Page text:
President Frank-Walter Steinmeier became the first German leader to take part in Britain’s national service of remembrance on Sunday, 100 years since the end of World War I.
He laid a wreath at the Cenotaph war memorial in central London alongside British Prime Minister Theresa May, who chose not to join other world leaders marking the centenary of the Armistice in Paris.
Across Britain, individuals and communities held two minutes silence at 11 am (1100 GMT) to remember the end of the four-year conflict which claimed 18 million lives.
In London, the moment was marked by the chiming of Big Ben, which has been largely silent since renovation work began in August 2017 but which still sounds for important national events.
Prince Charles laid the first wreath of red poppies, Britain’s emblem of remembrance, at the Cenotaph on behalf of his mother Queen Elizabeth II, who watched from a nearby balcony.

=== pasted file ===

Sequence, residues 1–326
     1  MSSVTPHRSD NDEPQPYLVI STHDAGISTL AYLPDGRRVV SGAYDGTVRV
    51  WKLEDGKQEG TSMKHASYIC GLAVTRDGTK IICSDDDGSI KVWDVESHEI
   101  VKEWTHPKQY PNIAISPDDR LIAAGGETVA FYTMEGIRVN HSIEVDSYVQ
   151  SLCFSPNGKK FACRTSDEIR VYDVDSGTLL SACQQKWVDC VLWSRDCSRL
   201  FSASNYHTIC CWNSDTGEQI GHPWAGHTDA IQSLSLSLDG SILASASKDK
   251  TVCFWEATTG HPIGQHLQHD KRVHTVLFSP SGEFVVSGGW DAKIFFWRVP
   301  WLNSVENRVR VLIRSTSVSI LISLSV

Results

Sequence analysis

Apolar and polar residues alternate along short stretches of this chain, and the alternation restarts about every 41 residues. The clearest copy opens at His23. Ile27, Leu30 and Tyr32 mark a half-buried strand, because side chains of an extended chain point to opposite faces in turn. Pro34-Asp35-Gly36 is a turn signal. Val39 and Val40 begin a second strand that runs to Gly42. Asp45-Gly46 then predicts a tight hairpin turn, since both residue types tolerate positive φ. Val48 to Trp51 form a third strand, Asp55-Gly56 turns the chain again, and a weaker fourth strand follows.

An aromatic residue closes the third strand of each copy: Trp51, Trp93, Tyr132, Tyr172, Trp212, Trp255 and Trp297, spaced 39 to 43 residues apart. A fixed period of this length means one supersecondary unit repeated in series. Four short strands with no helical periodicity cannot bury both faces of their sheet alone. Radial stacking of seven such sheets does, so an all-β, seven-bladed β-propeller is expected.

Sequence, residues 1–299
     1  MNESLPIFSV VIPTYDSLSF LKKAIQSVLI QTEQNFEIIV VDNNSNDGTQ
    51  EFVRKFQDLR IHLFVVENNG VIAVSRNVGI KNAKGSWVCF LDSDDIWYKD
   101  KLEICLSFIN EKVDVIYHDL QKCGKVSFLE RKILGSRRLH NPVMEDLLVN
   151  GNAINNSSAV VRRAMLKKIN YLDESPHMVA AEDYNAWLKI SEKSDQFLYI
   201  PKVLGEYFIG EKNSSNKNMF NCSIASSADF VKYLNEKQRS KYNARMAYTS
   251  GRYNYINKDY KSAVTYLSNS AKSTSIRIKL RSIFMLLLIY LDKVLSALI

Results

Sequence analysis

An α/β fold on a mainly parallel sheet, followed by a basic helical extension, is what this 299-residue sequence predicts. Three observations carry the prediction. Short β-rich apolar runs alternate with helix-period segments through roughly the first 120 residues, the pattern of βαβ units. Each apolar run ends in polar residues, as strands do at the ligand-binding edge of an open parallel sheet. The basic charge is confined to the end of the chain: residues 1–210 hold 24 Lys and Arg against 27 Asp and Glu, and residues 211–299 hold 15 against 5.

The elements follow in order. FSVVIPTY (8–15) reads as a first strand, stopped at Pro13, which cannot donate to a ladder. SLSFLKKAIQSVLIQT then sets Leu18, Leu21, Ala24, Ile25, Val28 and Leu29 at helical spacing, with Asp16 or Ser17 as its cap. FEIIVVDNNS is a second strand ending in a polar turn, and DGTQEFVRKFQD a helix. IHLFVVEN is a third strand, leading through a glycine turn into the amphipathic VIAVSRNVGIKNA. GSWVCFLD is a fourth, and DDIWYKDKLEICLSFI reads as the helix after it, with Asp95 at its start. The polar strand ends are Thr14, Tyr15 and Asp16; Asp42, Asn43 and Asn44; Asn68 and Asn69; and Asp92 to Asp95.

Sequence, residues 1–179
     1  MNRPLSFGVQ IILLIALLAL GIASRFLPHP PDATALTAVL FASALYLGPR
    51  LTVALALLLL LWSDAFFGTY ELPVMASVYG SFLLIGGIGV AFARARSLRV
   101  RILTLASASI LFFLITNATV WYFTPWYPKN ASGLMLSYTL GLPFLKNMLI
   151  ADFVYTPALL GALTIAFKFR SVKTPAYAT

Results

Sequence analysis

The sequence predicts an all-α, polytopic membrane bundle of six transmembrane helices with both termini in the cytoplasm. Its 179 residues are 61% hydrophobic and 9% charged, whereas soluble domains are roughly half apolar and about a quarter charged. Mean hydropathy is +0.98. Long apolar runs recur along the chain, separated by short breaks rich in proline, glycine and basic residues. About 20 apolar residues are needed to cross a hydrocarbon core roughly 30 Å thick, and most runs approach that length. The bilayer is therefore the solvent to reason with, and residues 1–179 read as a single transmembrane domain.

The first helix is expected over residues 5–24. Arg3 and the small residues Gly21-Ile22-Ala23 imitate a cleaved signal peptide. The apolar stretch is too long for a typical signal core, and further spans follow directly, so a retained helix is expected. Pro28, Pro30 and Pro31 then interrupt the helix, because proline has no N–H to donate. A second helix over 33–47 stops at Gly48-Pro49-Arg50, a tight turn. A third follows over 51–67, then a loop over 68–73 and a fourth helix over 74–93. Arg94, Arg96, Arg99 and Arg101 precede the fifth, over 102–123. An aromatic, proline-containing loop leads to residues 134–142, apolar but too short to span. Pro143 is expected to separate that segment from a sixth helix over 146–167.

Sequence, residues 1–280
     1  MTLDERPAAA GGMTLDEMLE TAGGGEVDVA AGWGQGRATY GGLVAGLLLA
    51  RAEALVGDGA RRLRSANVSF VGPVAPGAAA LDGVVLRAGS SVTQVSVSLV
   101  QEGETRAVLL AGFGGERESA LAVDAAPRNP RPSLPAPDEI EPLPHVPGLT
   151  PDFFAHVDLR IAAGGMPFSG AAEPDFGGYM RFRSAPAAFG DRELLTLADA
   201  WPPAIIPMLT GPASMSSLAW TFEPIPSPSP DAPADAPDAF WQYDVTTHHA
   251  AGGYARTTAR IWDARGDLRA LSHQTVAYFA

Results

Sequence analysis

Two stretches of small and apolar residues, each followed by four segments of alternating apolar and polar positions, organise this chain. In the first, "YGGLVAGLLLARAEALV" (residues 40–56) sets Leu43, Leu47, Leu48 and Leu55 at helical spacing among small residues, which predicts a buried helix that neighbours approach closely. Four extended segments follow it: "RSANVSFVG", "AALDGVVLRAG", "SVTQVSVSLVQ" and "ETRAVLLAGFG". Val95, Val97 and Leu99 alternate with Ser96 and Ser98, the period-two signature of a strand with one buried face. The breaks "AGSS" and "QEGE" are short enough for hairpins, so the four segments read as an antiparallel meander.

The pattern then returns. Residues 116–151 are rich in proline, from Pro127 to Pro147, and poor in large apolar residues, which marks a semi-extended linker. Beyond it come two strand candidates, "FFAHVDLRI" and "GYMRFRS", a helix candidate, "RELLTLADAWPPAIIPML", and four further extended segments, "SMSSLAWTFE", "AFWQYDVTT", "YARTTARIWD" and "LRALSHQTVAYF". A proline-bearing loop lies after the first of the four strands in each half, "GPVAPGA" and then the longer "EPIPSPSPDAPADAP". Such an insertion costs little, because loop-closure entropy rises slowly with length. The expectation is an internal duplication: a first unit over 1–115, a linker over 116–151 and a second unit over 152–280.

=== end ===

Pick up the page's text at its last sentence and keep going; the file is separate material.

Steinmeier followed with his wreath, in a unique and highly symbolic act marking the reconciliation between the once warring nations.
Senior royals, diplomats, military leaders and politicians also paid their respects at the memorial to all British and Commonwealth service personnel who have died in combat since 1914.
They were followed by the traditional march past by military veterans, their medals glinting in the sunshine, as a crowd of thousands looked on.